ALTAMIRA IS ONE OF THE PLACES WITH THE LONGEST VITICULTURE HISTORY AND TRADITION IN THE UCO VALLEY.
Its total surface area is 9,290 hectares of which around 2,780 are cultivated with vineyards. Land is divided in small- and medium-size estates in the hands of several farmers, some of whom have been in the area for generations. That’s a remarkable difference with the new locations in Uco Valley, where extensive and young vineyards are owned by a handful of producers, most of them larger wineries.
In 2013, the National Viticulture Institute granted Paraje Altamira the status of Geographical Indication (IG/GI) for Argentina. It became the first GI in the country granted that status for technical, and not geopolitical, reasons.
• Altitude between 1,000 and 1,200 metres above sea level (3,280 and 3,937 feet).
• Soil with short-depth alluvial origin, the first level comprising sandy loam and a secondary stony level comprising different concentrations of calcium carbonate content.
• 300mm of annual rainfall.
• Continental climate with intense cold spells and wide year-round thermal amplitude.
• A naturally healthy environment that’s ideal for organic viticulture.
• On the Winkler Scale between 2 and 3, depending on the year.
• Centenary viticulture.
Paraje Altamira lies in the heart of the alluvial cone of the Tunuyán river, at the foot of the Andes range. It is located in the district of La Consulta, south of Uco Valley, Mendoza.
It covers approximately 9,290 hectares in total, of which around 2,780 are vineyards. The Uco Canal divides Altamira Sur (South) from the traditional Altamira Norte (North). Northern vineyards have historically been cultivated using surface irrigation on soils that had been levelled in order to allow water to flow. This began to load the first sandy loam level with limestone.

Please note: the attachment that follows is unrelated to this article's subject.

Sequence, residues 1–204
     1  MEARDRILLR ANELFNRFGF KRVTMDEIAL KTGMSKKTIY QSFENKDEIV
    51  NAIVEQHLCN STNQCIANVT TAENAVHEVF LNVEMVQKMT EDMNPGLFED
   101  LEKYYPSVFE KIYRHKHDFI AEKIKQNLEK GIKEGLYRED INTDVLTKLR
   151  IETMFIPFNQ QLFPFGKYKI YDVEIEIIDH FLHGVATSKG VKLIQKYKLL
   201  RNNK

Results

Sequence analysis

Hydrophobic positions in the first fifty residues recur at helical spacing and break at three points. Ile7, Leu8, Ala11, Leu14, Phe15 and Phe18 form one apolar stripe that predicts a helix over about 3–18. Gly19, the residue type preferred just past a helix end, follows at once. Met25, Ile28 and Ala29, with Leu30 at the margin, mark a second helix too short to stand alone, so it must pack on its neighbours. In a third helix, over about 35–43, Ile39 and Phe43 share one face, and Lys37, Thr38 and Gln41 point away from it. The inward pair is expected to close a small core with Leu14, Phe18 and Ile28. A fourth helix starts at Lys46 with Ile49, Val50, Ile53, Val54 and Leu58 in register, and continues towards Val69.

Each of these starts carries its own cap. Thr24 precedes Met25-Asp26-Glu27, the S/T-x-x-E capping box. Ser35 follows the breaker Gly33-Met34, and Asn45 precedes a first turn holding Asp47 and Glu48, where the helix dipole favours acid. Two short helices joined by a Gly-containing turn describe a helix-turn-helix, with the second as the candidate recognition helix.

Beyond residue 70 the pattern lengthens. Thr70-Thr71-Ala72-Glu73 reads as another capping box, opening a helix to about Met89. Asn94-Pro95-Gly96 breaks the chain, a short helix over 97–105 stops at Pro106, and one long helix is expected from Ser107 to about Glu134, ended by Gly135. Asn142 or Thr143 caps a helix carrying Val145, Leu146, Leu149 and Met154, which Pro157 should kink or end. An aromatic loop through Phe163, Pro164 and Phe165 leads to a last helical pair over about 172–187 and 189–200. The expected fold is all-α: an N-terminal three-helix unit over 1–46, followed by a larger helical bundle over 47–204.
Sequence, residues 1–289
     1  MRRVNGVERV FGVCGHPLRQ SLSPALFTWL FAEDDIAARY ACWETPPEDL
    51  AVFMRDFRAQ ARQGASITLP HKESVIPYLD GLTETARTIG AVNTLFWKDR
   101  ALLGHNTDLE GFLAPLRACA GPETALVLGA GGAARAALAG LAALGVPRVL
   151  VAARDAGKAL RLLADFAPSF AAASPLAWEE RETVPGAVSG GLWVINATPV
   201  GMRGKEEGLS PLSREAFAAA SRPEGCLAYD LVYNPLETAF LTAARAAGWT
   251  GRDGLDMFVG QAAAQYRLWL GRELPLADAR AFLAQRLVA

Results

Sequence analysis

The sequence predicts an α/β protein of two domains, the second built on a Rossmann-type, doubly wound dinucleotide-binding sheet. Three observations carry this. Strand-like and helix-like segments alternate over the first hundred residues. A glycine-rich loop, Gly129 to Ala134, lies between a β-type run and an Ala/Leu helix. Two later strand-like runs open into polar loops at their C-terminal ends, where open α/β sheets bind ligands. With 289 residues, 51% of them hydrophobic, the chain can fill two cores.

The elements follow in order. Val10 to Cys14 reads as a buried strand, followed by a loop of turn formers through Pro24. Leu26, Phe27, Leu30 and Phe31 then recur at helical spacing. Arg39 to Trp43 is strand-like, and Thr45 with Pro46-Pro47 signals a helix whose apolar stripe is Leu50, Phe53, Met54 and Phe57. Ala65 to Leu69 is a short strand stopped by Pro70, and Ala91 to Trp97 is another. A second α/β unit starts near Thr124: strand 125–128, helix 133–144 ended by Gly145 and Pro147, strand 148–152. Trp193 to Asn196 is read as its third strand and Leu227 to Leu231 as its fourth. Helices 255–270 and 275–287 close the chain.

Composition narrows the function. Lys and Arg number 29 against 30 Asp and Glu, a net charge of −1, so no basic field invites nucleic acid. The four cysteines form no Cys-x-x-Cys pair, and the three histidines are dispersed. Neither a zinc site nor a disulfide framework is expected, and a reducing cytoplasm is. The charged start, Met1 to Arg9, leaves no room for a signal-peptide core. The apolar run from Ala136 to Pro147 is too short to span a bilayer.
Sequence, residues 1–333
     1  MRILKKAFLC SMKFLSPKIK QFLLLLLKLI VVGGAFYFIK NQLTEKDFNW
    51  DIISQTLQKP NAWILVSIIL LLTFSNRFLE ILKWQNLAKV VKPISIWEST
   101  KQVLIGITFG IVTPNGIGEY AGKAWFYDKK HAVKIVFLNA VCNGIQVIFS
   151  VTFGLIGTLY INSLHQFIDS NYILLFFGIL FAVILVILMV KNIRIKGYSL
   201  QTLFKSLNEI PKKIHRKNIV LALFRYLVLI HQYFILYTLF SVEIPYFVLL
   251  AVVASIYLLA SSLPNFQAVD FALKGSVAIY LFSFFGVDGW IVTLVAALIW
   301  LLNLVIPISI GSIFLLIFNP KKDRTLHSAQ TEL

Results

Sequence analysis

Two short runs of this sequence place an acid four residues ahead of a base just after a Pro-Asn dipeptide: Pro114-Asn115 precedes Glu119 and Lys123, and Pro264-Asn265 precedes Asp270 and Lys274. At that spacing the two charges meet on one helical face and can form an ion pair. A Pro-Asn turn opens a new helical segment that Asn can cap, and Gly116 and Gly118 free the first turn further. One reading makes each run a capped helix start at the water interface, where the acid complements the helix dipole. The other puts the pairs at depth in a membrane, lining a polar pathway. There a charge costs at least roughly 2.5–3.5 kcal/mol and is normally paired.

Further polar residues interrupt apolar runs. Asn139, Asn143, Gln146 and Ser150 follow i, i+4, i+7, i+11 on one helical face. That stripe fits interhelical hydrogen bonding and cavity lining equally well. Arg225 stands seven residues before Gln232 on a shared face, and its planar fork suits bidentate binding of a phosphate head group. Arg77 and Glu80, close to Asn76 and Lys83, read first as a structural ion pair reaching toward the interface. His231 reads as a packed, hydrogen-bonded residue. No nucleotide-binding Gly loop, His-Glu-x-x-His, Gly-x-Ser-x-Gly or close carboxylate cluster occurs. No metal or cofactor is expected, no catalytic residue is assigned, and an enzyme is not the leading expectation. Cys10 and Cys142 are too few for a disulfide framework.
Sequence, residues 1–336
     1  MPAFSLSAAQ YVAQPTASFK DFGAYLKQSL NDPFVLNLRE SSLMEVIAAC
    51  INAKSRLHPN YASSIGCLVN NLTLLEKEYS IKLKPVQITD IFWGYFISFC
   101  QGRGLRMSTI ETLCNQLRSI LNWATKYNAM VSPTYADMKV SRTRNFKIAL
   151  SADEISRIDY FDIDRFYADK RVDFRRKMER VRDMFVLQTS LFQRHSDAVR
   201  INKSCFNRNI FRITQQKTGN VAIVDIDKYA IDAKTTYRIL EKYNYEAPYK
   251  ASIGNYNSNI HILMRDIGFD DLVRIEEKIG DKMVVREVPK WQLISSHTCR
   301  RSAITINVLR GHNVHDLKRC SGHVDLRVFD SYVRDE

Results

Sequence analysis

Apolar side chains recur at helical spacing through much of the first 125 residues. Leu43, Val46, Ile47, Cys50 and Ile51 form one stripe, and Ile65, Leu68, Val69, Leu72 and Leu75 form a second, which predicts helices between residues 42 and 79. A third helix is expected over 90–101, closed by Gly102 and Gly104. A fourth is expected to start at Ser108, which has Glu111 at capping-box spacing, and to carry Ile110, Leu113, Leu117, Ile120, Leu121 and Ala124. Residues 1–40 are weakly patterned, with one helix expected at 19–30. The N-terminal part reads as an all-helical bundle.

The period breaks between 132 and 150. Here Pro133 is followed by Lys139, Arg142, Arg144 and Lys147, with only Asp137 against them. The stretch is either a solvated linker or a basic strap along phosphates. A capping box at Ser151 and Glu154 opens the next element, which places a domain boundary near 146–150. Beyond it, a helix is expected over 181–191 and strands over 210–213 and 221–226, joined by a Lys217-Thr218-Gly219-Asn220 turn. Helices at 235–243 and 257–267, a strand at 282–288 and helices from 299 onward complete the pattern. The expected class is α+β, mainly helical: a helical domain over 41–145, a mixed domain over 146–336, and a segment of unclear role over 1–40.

In Southern Altamira, plantations are more recent and therefore vines have been drip-irrigated from the offset. Vineyards conserve their natural topography and are surrounded by native vegetation. There are only seven producers and the first vineyard to be planted in this sector was Finca Las Piedras in 2002.
Malbec as heritage
Michel Pouget arrived in Mendoza in 1852 and brought along many French varieties, Malbec among them. By 1911, as Leopoldo Suárez recounts in his ‘Contribution to Ampelographic Studies in the province of Mendoza’, Malbec already covered 50% of vineyards in Mendoza.
With several generations of winemakers undertaking experiments, Malbec was the vine that showed the best results in the vineyard and the winery.
Today, we continue discovering its qualities and its enormous versatility in expressing the different terroirs throughout the Andes.